The protesters contend that the cancellation was improper because the primary reason that the agency canceled the RFP was political pressure exerted by Congressional members on behalf of Praxair.

In a negotiated procurement, an agency has broad authority to decide whether to cancel a solicitation, and to do so need only establish a reasonable basis. A reasonable basis for cancellation exists and cancellation is appropriate when a solicitation does not accurately reflect the agency requirements, particularly where cancellation and the issuance of a revised solicitation would present the potential for increased competition or cost savings. VSE Corp., B-290452.2, Apr. 11, 2005, 2005 CPD para. 111 at 6.

Here, although the record confirms that the inquiries and concerns expressed by Congressional representatives caused NASA to review the need for a government-owned, contractor-operated LN2 plant, the record also establishes that the ultimate decision to cancel was made because NASA was concerned that the RFP may not accurately reflect its requirements in light of the reshaping of the agency's aeronautics program.

In response to the protest, the agency explains that the NTF, in April 2005, was placed in the agency's Shared Capability Asset Program (SCAP), which is a program designed to ensure that key capabilities and assets are available to support NASA's mission. The SCAP involves identifying and prioritizing critical NASA assets and making strategic investment decisions to replace, modify, or dispose of such assets based on NASA and national needs. The SCAT contemplates that funding decisions for acquiring such assets would be made at the NASA headquarters level, not at the field activity level.

NASA advises that, in response to the concerns expressed by the Congressional representatives, the agency initiated an independent review to verify the need for a government-owned LN2 facility and to ensure that construction of the facility was consistent with the aeronautics research program and the SCAP program objectives. The agency explains that this review revealed that the requirement for LN2 was not adequately defined and that proceeding with the procurement was –premature and inappropriate— because, for example, it was not clear whether the newly constructed LN2 plant would fulfill the NTF's entire requirement for LN2 or only part of the NTF's LN2 requirements. In addition, NASA reports that, based on the SCAP, the requirement for LN2 should have been, but was not, determined –based upon technical assessments aligned with [the agency's] reshaped aeronautics program,— such as the need to –determine what technical capabilities the NTF facility will need to ensure the agency can address the data collection needs [relating to aerodynamics research] of NASA and other users in the coming 15-plus years.— Moreover, NASA found that LaRC used the –Full Cost Recovery model— in justifying this procurement and this model is no longer applicable under the new SCAP program. See Agency Report, Tab 57, Declaration of NASA Associate Administrator for Aeronautics (who was the official responsible for the decision to cancel the RFP).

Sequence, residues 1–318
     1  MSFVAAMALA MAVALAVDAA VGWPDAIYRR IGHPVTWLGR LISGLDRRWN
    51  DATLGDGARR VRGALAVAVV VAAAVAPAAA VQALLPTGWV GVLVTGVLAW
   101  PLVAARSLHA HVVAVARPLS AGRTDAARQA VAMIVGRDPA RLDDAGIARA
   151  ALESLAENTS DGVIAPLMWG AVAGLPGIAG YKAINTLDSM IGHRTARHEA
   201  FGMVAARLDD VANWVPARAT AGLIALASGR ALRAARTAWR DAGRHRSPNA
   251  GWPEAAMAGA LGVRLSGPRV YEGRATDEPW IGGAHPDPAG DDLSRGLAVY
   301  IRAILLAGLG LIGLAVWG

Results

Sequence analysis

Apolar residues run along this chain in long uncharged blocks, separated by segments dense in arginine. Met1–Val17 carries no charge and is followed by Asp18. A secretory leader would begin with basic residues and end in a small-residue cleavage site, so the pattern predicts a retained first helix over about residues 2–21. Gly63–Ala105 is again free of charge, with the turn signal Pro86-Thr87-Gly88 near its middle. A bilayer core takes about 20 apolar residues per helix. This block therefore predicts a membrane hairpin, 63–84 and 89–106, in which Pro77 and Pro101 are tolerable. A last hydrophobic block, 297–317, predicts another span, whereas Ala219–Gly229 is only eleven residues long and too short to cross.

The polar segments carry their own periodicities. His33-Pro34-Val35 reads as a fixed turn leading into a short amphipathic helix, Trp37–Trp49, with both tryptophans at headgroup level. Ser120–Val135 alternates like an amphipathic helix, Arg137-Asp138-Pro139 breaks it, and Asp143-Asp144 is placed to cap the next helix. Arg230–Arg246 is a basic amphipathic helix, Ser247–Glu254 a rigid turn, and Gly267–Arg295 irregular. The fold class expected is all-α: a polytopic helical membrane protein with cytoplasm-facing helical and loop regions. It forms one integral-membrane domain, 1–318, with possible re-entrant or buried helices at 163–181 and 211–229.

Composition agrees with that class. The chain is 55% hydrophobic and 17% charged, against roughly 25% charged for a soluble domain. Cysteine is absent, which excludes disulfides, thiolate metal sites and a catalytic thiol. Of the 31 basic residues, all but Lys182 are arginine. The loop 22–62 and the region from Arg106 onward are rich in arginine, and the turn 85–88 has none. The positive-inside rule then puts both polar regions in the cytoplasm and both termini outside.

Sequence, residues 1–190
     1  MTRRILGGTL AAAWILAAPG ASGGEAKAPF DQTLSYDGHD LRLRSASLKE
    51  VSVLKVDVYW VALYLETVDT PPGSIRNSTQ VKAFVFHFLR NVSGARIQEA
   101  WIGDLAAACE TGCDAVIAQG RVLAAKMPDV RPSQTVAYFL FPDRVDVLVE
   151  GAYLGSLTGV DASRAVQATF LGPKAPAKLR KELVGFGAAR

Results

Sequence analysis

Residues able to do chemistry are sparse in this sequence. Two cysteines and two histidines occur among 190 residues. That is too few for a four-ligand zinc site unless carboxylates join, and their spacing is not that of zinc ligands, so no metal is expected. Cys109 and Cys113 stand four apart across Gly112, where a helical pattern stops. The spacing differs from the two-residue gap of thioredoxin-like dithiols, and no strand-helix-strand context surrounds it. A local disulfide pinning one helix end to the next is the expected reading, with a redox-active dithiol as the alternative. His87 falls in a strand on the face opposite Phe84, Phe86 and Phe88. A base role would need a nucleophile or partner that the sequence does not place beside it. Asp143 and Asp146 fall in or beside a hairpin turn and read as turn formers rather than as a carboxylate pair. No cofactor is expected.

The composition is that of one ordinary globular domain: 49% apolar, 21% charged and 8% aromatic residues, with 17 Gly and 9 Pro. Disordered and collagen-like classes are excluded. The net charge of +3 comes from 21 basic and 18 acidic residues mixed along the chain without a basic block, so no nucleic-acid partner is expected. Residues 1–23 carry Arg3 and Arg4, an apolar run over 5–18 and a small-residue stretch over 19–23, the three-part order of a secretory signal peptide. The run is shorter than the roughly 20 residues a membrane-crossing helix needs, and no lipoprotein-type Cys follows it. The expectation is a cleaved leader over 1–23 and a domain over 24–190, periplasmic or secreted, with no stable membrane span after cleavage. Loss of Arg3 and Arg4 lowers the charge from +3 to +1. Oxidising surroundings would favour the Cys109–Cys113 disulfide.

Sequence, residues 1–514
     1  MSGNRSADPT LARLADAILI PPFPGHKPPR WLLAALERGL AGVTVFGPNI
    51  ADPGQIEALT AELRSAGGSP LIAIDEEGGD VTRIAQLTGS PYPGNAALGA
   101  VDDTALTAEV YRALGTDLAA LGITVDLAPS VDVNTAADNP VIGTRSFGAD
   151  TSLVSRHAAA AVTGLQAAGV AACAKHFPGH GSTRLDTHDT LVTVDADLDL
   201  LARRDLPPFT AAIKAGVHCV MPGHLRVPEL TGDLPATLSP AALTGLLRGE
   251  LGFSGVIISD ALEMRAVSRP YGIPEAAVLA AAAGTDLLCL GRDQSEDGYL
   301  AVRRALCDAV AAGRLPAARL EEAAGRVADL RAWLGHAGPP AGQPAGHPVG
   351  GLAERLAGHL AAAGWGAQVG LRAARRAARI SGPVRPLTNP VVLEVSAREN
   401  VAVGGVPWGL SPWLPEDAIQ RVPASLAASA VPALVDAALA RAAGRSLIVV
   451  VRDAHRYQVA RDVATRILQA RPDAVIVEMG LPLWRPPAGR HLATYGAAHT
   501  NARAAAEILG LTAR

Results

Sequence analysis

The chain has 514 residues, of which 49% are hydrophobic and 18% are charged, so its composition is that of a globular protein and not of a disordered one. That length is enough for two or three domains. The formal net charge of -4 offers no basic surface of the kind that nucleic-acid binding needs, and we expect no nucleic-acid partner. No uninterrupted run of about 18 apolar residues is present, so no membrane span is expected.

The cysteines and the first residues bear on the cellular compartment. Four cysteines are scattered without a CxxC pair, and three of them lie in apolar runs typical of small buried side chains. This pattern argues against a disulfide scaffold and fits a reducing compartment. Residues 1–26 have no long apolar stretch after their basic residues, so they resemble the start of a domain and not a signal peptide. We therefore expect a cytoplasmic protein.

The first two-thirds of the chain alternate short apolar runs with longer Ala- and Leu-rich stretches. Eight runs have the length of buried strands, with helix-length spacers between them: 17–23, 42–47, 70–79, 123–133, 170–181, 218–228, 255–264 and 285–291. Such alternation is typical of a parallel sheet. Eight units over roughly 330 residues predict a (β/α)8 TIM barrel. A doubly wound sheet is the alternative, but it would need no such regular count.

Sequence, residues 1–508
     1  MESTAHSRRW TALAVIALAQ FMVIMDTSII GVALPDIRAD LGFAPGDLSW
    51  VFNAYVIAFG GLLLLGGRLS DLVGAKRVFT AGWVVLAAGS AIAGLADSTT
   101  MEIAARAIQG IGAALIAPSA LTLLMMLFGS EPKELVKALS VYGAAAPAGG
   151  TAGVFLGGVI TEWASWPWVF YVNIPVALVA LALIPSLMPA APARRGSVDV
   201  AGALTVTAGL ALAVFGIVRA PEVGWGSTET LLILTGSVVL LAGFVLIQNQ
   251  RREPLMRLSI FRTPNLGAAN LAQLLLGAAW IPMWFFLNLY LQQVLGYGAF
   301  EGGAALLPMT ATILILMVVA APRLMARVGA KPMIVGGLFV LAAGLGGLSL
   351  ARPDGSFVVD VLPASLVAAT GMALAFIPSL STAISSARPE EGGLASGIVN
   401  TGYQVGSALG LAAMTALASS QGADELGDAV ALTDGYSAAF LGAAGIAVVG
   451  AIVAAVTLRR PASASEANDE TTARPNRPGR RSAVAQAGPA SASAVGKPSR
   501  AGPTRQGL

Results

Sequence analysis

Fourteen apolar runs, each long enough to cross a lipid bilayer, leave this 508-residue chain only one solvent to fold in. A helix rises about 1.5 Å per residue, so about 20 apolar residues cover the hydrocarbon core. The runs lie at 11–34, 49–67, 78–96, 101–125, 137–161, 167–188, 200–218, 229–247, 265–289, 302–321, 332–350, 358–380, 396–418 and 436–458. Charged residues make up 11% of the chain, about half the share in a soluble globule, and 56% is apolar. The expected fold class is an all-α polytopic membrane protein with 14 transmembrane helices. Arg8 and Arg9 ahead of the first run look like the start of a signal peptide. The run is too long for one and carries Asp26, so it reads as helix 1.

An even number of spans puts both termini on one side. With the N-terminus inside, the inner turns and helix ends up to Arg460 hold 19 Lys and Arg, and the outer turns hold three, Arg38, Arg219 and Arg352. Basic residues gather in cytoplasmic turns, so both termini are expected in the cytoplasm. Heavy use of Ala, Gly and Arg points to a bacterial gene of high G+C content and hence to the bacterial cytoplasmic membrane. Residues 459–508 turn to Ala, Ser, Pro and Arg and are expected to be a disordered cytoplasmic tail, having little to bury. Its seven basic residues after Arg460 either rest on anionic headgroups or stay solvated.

As noted, a reasonable basis to cancel exists where a solicitation does not accurately reflect the agency's requirements. The fact that NASA found that the RFP may not accurately reflect its requirements, and that it needed to fully consider and resolve questions regarding its LN2 requirements that were not considered at the time the RFP was issued, constituted a reasonable basis to cancel the RFP. While the protesters attack NASA's motives as merely capitulating to political pressure on behalf of a particular constituent, we find nothing questionable about NASA responding appropriately to the concerns expressed by representatives of Congress, which has oversight authority. Based on our review of the record, NASA has established that it has legitimate reasons for reviewing its requirements before proceeding with this procurement and thus a reasonable basis to cancel the RFP while it does so. See Global Solutions Network, Inc., B-290107, June 11, 2002, 2002 CPD para. 98 at 3-5

Nevertheless, Kenco and Air Products question the timing of the agency's decision to cancel, given that it was made after each had expended considerable resources to address the RFP, and because no mention was made to the offerors of the SCAP prior to the cancellation, and because all the agency's prior studies concluded that building a LN2 plant was in the government's best interest. The protesters argue that they should at least be entitled to recover their proposal preparation costs, given the agency's actions.

However, as long as an agency has a reasonable basis to cancel, it may properly cancel a solicitation no matter when the information precipitating the cancellation first surfaces or should have been known. See The Potomack Partnership, B-252860, Aug. 3, 1993, 93-2 CPD para. 75 at 4 (cancellation after receipt but without evaluating proposals); see also Global Solutions Network, Inc., supra (cancellation prior to receipt of proposals). Given that NASA promptly canceled the RFP when it learned that there were reasons for questioning its requirements, we have no reason to question the agency's actions here.

Under the circumstances, we also find no basis to grant the protesters' request to recover their costs simply for competing in this procurement. The Competition in Contracting Act of 1984, 31 U.S.C sect. 3554 (c)(1) (2000), and our implementing regulations, 4 C.F.R. sect. 21.6(d) (2005), provide for our Office to recommend reimbursement of proposal preparation costs only where we determine that –a solicitation, proposed award, or award of a contract does not comply with a statue or regulation.— Since the cancellation here was proper, and there is no other reason to conclude that the agency has acted contrary to statute or regulation, there is no basis to recommend the recovery of proposal preparation costs. See Bahan Dennis Inc., B-249496.3, Mar. 3, 1994, 94-1 CPD para. 184 at 6.

The protests are denied.

Anthony H. Gamboa

General Counsel

[1] Historically, the prices have exceeded $100 per ton.

[2] The record indicates that Praxair's complaints were the reason that these inquiries were initiated. See, e.g., Agency Report, Tab 15, E-mail from American Continental Group to NASA Legislative Affairs Office ( Sept. 6, 2005), at 1.